“What does this all mean?” she asked me.
How could American Warriors conduct themselves in this way? Are these America’s finest? Is this endemic of our so called “warrior culture?” I assure you the answer is no, but it does mean being a reprobate dirt-bag isn’t a character trait belonging exclusively to the Taliban. It’s something we all must guard against daily.
It also means being in the military doesn’t make one a warrior any more than being in the kitchen makes one a chef. I have often remarked that three months of boot camp does not necessarily repair years of bad habits or a fundamental character flaw.
So what separates the real American warrior from those masquerading as one? What’s the difference between a mere killer and a professional soldier? Fortunately, America’s 1stSgt is here to answer those questions and hopefully shed some light on what choosing the path of a warrior is all about.
A warrior/soldier is other-oriented and takes action on someone else’s behalf. The thug is self-oriented; his actions reflect his own self interest. He is incapable of adopting the warrior habit of thought and action as it is the antithesis of what the warrior is.
Some who enlist or accept commissions in the armed forces will never buy in to our core values. They merely exist, stagnantly enduring their time in the military until they are discharged. They are more focused on self interest rather than self improvement. We usually refer to these individuals as “oxygen thieves.” Constantly reemphasizing proper values, leadership traits, as well as a true warrior ethos is the only way I can think of to combat this mindset. Stressing this at every level of training throughout a Marine’s career will develop wholly competent professionals in the long run.
In the infantry we often say the formula for success on the battlefield is a solid foundation in infantry fundamentals. We preach the virtues of “brilliance in the basics” and it is absolutely on point. When we say this we often mean proficiency in the use of weapons, optics, communication, tactics, techniques, procedures, leadership traits, etc. Training in the fundamentals develops habits of thought and action that have proven successful in combat.
Many of us in the Marine Corps have seen their troops perform valiantly in war only to comport themselves poorly back home. Developing habits of thought and action should always include an ethical and moral mindset based on our core values. When not in combat, the conditions, terrain, and appropriate actions may change but the habit of thought should not.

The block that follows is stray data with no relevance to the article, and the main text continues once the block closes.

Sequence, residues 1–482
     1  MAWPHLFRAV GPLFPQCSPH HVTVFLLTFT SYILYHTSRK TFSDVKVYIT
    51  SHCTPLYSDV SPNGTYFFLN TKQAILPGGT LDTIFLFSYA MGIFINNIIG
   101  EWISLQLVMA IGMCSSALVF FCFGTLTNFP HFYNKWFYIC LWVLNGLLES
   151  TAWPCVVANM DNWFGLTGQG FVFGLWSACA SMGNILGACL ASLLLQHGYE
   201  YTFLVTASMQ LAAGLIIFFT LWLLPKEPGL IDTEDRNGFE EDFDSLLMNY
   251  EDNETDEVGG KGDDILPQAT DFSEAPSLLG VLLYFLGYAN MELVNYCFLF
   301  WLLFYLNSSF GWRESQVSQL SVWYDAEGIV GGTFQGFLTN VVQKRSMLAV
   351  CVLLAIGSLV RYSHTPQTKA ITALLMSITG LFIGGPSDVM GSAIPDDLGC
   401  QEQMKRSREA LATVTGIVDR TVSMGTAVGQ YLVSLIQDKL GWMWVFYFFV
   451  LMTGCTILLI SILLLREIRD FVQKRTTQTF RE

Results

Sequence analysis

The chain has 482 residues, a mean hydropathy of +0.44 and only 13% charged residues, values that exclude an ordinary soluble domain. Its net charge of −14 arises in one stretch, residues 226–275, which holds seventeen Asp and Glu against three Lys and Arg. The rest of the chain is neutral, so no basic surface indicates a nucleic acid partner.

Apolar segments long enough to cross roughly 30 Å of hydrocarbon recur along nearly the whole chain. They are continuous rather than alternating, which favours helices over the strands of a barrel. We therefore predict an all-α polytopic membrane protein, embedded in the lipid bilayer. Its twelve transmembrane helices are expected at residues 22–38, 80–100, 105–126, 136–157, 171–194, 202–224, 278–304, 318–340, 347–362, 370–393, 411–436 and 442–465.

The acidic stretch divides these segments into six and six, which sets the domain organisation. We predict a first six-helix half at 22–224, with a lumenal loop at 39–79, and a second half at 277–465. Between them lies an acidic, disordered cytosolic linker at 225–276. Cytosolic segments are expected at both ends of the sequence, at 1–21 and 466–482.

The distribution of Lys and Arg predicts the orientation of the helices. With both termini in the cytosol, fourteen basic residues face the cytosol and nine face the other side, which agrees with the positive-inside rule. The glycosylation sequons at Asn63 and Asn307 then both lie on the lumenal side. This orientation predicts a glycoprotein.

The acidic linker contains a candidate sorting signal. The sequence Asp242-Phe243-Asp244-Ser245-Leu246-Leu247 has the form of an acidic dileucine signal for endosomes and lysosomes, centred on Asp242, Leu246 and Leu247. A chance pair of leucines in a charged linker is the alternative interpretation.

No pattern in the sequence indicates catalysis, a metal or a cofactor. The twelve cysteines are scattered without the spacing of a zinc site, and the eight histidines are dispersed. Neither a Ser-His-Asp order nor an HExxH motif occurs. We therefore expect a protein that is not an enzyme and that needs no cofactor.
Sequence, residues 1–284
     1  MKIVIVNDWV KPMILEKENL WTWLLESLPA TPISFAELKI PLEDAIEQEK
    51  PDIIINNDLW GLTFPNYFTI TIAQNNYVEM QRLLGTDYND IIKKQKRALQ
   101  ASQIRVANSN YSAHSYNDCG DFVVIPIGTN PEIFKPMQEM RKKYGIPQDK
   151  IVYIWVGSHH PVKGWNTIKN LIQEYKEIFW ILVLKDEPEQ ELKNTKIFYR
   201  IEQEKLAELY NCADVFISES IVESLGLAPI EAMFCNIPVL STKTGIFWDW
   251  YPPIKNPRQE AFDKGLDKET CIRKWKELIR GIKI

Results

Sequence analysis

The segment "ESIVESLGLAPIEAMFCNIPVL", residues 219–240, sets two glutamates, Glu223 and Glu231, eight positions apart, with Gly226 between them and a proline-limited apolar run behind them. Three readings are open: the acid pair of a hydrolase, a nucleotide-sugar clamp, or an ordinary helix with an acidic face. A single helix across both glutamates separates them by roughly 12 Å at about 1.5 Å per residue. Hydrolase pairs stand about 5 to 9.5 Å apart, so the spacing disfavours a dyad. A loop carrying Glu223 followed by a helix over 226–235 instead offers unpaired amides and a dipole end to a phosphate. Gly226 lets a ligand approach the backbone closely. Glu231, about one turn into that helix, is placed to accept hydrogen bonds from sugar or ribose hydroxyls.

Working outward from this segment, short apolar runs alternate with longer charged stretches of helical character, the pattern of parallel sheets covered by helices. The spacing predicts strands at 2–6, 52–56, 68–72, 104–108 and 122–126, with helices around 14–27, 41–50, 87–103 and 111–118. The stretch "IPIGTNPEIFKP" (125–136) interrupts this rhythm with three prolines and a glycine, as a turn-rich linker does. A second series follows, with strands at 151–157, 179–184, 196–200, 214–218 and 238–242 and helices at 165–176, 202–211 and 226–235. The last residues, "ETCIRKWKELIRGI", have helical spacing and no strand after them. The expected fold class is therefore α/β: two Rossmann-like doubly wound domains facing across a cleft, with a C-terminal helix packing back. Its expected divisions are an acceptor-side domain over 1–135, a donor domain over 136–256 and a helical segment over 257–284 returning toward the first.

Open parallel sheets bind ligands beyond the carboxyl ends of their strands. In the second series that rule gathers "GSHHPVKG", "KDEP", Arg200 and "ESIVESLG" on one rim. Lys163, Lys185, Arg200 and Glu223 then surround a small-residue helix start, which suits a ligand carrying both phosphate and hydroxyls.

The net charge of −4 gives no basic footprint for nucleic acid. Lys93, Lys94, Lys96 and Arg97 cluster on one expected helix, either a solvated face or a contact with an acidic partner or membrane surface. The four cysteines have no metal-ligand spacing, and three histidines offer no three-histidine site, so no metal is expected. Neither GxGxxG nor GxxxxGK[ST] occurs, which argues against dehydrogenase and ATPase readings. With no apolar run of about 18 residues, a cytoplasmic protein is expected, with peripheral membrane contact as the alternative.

Perhaps I should also define what a warrior is. Most references classify a warrior as a person experienced, capable of, or actively engaging in combat or warfare. The word is also used figuratively to refer to a person who has shown vigor, courage, or aggressiveness in their chosen activity like sports. The second definition is used more in an agonistic sense and doesn’t suit our purpose here. Plus, over application of the word of “warrior” dilutes and confuses its meaning.
I prefer the below extract from an ICS statement on the nature of a warrior:
Modern Warrior Concept
● The warrior is an individual; he is self-initiated and self-motivated.
● The warrior is a follower of the warrior path of responsibility and obligation. His following of that path underscores his individuality while stressing the importance of his responsibility as protector in his society.
● The warrior trains to become ever more capable at those combative skills that are intrinsic to the responsibility of protector. The foundation of those skills is based in his self-initiative to become more. It is inherent in the warrior that as he gains in capability in and comprehension of the principles intrinsic to the martial path, he will of his own self-initiative, seek to expand the application of those principles beyond any institutional standard. In other words, the warrior is not satisfied to stand still, waiting, being, but is constantly looking forward, to becoming.